Today Chancellor Phillip Hammond delivered the Autumn Statement to outline the Government’s intentions to maintain a strong, stable and fair economy for the year ahead. It was largely expected that they would focus on relieving pressure on the younger generation, while the over 45s would take the largest weight on their shoulders.
Following another lacklustre Autumn Budget by Chancellor Philip Hammond today, we share our reaction to what the government is planning to achieve in the housing market and beyond over the next year as they start building a ‘Global Britain’.
Today’s budget has amounted to little more than the annual dose of rhetoric and empty announcements of bold plans, extolling a robust intent to build more housing.Russell Quirk
As always, it is good form to keep the best for last, and Mr Hammond certainly delivered with housing coming at the end of the running order.
On the lead up to the housing announcements, Chancellor Hammond also covered education, transport infrastructure, start-up investment, investor tax relief, technology support, the increase of wages, rail card for millennials and the NHS to name but a few.
Leading up to the Budget, we called for the eradication of the Stamp Duty tax and we had to wait until right until the end for the announcement.
Although it wasn’t a complete removal of the archaic land tax, as of today, it will be abolished for first-time buyers investing in properties costing £300k and under across the UK. This stamp duty “holiday” will extend to Londoners and it will also be discounted for the first £300k on properties up to £500k.
However, this has been met with a degree of scepticism across the board, with many believing it will actually help increase prices, and has only been implemented to detract from the severe lacking of property being built.
A cut in stamp duty for first-time buyers is the only real sign of good intent by Chancellor Hammond and one that may help reignite the property market momentarily, but some may say acts as yet another diversion from the elephant in the room of a continued failure to build a meaningful number of affordable homes. Indeed a cynical electoral bribe.Russell Quirk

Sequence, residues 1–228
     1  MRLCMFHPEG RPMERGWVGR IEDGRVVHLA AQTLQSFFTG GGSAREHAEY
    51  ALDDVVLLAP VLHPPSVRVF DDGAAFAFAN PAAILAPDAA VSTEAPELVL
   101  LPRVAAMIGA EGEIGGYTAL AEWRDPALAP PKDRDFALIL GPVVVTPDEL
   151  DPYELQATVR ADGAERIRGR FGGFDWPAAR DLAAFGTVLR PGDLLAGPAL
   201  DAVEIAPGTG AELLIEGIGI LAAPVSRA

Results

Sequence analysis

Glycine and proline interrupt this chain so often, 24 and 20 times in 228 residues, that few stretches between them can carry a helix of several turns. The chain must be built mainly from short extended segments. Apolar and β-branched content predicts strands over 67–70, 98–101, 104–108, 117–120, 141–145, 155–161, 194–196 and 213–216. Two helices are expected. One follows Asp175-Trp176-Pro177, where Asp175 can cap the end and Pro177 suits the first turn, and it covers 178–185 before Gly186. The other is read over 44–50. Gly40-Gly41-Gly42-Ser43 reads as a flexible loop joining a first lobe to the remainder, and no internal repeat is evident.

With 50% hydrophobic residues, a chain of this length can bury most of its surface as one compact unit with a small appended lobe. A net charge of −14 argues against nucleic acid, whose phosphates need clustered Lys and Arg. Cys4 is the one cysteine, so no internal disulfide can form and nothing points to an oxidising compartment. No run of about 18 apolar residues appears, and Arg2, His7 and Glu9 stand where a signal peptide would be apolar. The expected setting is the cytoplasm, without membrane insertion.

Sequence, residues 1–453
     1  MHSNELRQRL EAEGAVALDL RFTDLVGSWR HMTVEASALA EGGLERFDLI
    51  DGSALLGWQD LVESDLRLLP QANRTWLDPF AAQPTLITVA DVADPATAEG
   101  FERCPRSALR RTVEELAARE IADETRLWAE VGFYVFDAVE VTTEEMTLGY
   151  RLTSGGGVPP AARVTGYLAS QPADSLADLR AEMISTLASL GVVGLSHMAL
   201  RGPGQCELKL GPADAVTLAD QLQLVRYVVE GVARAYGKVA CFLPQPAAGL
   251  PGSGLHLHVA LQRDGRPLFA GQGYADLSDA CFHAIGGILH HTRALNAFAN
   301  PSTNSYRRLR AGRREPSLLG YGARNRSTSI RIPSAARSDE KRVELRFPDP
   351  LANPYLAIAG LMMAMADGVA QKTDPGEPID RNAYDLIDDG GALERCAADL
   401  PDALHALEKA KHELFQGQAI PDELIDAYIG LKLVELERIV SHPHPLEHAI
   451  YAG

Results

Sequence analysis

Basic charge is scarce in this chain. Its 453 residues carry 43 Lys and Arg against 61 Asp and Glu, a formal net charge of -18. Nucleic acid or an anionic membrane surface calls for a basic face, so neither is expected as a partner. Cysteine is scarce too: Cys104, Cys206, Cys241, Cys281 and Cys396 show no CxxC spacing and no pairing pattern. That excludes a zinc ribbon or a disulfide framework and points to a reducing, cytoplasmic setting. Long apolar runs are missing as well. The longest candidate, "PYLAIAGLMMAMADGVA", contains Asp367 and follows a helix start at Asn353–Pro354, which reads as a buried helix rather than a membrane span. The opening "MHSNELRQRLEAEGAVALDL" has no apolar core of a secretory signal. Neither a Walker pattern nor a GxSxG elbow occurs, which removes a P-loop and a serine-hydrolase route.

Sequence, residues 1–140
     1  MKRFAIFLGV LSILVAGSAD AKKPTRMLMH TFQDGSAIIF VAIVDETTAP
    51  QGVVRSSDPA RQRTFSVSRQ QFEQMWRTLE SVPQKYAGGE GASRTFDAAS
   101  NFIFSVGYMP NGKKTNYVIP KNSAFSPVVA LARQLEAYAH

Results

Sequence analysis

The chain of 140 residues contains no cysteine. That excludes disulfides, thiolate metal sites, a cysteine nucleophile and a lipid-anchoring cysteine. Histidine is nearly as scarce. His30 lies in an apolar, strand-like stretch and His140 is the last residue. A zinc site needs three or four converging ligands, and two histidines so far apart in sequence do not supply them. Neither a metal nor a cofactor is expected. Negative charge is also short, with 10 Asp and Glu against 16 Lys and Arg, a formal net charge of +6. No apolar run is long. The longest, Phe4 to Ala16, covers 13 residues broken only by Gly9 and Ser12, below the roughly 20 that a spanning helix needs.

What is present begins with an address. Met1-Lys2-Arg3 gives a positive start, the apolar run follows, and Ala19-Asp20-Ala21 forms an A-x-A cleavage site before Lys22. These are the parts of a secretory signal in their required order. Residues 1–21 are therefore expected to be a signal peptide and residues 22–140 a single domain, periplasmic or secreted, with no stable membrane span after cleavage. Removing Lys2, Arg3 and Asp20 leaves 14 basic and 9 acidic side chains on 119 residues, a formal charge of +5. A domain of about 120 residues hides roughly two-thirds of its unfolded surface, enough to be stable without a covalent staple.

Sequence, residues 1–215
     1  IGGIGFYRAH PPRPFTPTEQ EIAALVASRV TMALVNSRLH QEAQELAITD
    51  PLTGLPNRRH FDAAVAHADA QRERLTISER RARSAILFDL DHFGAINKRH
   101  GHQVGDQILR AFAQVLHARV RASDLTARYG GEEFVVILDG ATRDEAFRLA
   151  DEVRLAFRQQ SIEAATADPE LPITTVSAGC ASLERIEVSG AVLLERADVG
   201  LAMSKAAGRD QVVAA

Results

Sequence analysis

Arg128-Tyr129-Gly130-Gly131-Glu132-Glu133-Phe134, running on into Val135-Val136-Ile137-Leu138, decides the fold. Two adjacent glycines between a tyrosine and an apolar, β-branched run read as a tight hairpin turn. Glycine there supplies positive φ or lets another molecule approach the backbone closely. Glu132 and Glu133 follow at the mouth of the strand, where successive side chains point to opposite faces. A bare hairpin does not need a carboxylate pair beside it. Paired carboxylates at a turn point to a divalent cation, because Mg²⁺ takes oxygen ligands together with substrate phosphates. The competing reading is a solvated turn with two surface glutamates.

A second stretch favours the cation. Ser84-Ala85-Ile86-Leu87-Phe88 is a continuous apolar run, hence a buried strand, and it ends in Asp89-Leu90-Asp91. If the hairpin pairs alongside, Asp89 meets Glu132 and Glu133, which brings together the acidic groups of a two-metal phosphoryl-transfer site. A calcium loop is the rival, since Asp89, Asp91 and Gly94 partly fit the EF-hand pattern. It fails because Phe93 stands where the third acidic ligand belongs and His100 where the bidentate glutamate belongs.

We also demanded that the housing shortages be addressed by the government and offered suggestions on how to fix this crisis such as incentivising developers to actually build on the land they own through tax breaks and to open up the wrongly classified areas of Green Belt land in the UK
As usual these ideas were largely ignored and the Chancellor delivered the usual stale rhetoric around their intention to lay foundations and build more homes. One move to facilitate this is to expand the Home and Communities Agency to Homes England. An ambitious plan was also announced that commits £44bn to boost the supply of housing and support development through skills, resources, land and financial incentives – although he did little to elaborate on this.
The Treasury’s ‘pledge’ to build more homes is a story we’ve been told many times before, but these well-worn, heady platitudes have not been fulfilled since way, way back in 1969 when the Beatles were topping the charts.
The likelihood of hitting the ambitious targets by 2050 are slim, to say the least, and it is unlikely that they will be met. The ‘urgent’ review between the gap in planning permission and the actual building of houses is far too little too late and should have been implemented many budgets ago.Russell Quirk
Disappointingly they also announced intentions to focus on urban areas to find land to build more homes, keeping their head in the sand where the Green Belt is concerned.
The Chancellor did however, announce an urgent review into why there is such a large amount of land that has secured planning permission, but remains unbuilt on. With this review it seems that the Government will now force developers to build rather than incentivise them to in a move to eradicate land banking to satisfy shareholders.
It was not made clear as to whether this would be done at the outline stage or at the more advanced detailed stage, but none the less, this should have been an area of focus a long time ago.
The Government must actually execute on a housing plan if the current housing crisis is to be remedied and not just grab headlines with their unqualified so-called intentions. This problem is not just about money. It’s about action and it’s about listening to experts within the industry for once.Russell Quirk
Young people were a central theme in Chancellor Hammond’s speech – he announced that affordability for today’s younger generations to get on the ladder will become a reality and the government plans to tackle this challenge head on.
The government aims to eradicate rough sleeping by 2027 and will put £28m towards improving the conditions on the streets for people without a roof over their heads.
In addition, condolences were offered to all the people impacted because of the Greenfell Tower tragedy. Another £28m will be given to the Royal Borough of Kensington and Chelsea to use towards counselling, community space and rebuilding.